CLOSE

Aaron Nagler and Pete Dougherty give their take on the Packers' first preseason game, a 17-11 victory over the Browns. (Aug. 12, 2016) USA TODAY NETWORK-Wisconsin

LINKEDINCOMMENTMORE

Mike Pennel didn’t play until the first snap of the second half of the Green Bay Packers’ preseason opener Friday night, and on that first play you saw what their defense will be missing for the first month of this season.

The third-year defensive lineman fought a double-team block, held his ground and maybe even got a little push on the line of scrimmage. He didn’t make the tackle but he did his dirty-work job by occupying blockers and clogging his area in the middle of the line.

But there’s a reason Pennel didn’t play in the first half against the Cleveland Browns. He’s suspended for the first four games for violating the NFL’s substance-abuse policy.

Related: Packers taking a risk by resting Rodgers

Insider: Justin Perillo makes an impact

That leaves a hole in the Packers’ defensive line for at least a month, and for all practical purposes, a little longer than that. Pennel is allowed to work out and attend meetings at the Packers’ facility during his suspension, which begins with the regular-season opener, but he can’t play in the games. That’s a better setup than the NFL’s old system, where a drug suspension banned the player from even showing up at the team’s facility. But though Pennel will remain engaged with the team while out, it still means he won’t be in game shape when he returns for the Packers’ home game against Dallas on Oct. 16.

Look at Letroy Guion’s struggles for the first several weeks after his three-game suspension under the same policy last year. In reality, Pennel’s suspension will cost him five or six games.

That means the Packers won’t have their best five-technique defensive lineman for a third of the season. It’s worth noting that to start the game Friday night, they had Guion at nose tackle, Mike Daniels at the three-technique and fourth-round compensatory pick Dean Lowry in Pennel’s place at the five-technique. Lowry wasn’t the rookie anybody expected to be out there.

Autoplay
Show Thumbnails
Show Captions

First-round pick Kenny Clark was noticeably absent from the starting lineup, but in retrospect it makes sense. Clark doesn’t have the length to play the five-technique, and he’s still behind Guion at his best position, nose tackle. In fact, Guion — without drawing much notice this summer — is having a nice camp.

Though Clark can play the three-technique, that’s Daniels' spot, and Daniels is the team’s best defensive lineman.

So while it’s still safe to assume Clark will be a big part of the defensive-line rotation, the Packers still have a hole at the five-technique to start the season.

This isn’t catastrophic, because defensive coordinator Dom Capers plays nickel or dime personnel (two defensive linemen) probably 80 percent of the defensive snaps, if not more. The 3-4 base no longer is a big part of the scheme.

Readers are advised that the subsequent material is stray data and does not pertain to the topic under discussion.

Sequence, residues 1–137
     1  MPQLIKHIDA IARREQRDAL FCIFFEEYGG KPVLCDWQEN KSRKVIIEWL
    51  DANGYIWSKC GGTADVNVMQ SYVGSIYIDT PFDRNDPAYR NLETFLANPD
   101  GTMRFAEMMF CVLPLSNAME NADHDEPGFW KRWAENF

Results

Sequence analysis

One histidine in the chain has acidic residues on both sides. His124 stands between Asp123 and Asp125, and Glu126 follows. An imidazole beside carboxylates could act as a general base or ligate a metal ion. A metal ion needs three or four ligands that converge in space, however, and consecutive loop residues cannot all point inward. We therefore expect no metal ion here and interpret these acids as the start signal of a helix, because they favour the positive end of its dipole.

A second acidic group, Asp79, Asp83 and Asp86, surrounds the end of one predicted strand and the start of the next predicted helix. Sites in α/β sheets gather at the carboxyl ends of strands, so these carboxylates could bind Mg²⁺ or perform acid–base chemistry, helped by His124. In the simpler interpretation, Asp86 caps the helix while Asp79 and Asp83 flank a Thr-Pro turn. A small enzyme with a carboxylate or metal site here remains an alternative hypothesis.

But Capers’ run defense, especially short yardage and goal line, will be worse off without Pennel. His size (6-4, 332 pounds), and arm length (33¾ inches) plus brute strength to keep blockers at bay are tough for the Packers to replace, even if he winds up playing only part time upon his return.

As for Capers’ defense overall, make what you will out of a first preseason opener, especially one in which the Packers sat 17 players and the Browns nine. For the Packers, Julius Peppers was a healthy scratch and Clay Matthews might not have played either way, though he’s been sidelined for a couple days because of an ankle injury. Jake Ryan (not in uniform, hamstring), a likely starter at inside linebacker, and starting safety Morgan Burnett (dressed) didn’t play, either.

The Browns, in the meantime, have a new head coach (Hue Jackson) and starting quarterback (Robert Griffin III) and were without their most talented receiver (Josh Gordon). It showed. Micah Hyde intercepted Griffin in the end zone on one series, and the Packers’ starting defense forced a punt after giving up a first down on a second possession. Then Capers brought in the backups.

If anything jumped out, it’s that rookie Blake Martinez still looks like a good bet to play extensively, and maybe even full time, when the games start for real. Capers gave the fourth-round pick the speaker helmet with the starters Friday night, and there didn’t appear to be any hitches there. Martinez missed a tackle in the run game but had a pressure on a blitz that forced Griffin to throw the ball away, and at least appeared to have command of the calls.

It’s also worth noting that Martinez came out with the rest of the starters after that second series. As a rookie, the presumption is that he needs as many preseason snaps as he can get. But with Ryan and inside linebacker Sam Barrington (just off PUP) not in uniform, the Packers clearly didn’t want to expose Martinez to injury any longer than they felt necessary. The quick hook suggests Capers feels good about the rookie at this point in camp.

Regardless, I still can’t help shaking the feeling that the Packers are going to notice Pennel’s absence. He improved as last season went on and was playing his best football at the end of the year. He’s not one of their marquee players, and he’s not a pass rusher. But they don’t have anybody else quite like him for a niche role on their defensive line.

LINKEDINCOMMENTMORE